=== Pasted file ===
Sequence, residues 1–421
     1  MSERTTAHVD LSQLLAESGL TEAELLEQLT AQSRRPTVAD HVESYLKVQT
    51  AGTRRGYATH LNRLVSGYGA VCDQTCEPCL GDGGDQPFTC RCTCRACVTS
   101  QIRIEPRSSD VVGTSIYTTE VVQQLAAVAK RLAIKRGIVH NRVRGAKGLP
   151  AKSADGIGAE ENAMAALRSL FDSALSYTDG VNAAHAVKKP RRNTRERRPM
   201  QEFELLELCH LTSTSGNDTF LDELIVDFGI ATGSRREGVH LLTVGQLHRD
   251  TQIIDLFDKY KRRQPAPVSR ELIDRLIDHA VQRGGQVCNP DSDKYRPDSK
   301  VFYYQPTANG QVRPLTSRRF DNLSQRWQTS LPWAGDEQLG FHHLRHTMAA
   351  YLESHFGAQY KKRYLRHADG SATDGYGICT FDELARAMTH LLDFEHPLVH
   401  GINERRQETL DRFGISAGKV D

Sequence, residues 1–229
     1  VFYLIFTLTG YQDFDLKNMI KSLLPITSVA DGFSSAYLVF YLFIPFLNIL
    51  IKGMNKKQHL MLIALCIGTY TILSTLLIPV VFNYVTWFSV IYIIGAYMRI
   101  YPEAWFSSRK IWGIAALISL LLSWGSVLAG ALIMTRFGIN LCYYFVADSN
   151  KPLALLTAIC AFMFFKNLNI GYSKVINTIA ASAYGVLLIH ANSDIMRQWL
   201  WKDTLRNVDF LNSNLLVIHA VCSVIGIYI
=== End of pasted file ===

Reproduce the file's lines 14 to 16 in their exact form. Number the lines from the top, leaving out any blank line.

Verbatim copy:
   101  YPEAWFSSRK IWGIAALISL LLSWGSVLAG ALIMTRFGIN LCYYFVADSN
   151  KPLALLTAIC AFMFFKNLNI GYSKVINTIA ASAYGVLLIH ANSDIMRQWL
   201  WKDTLRNVDF LNSNLLVIHA VCSVIGIYI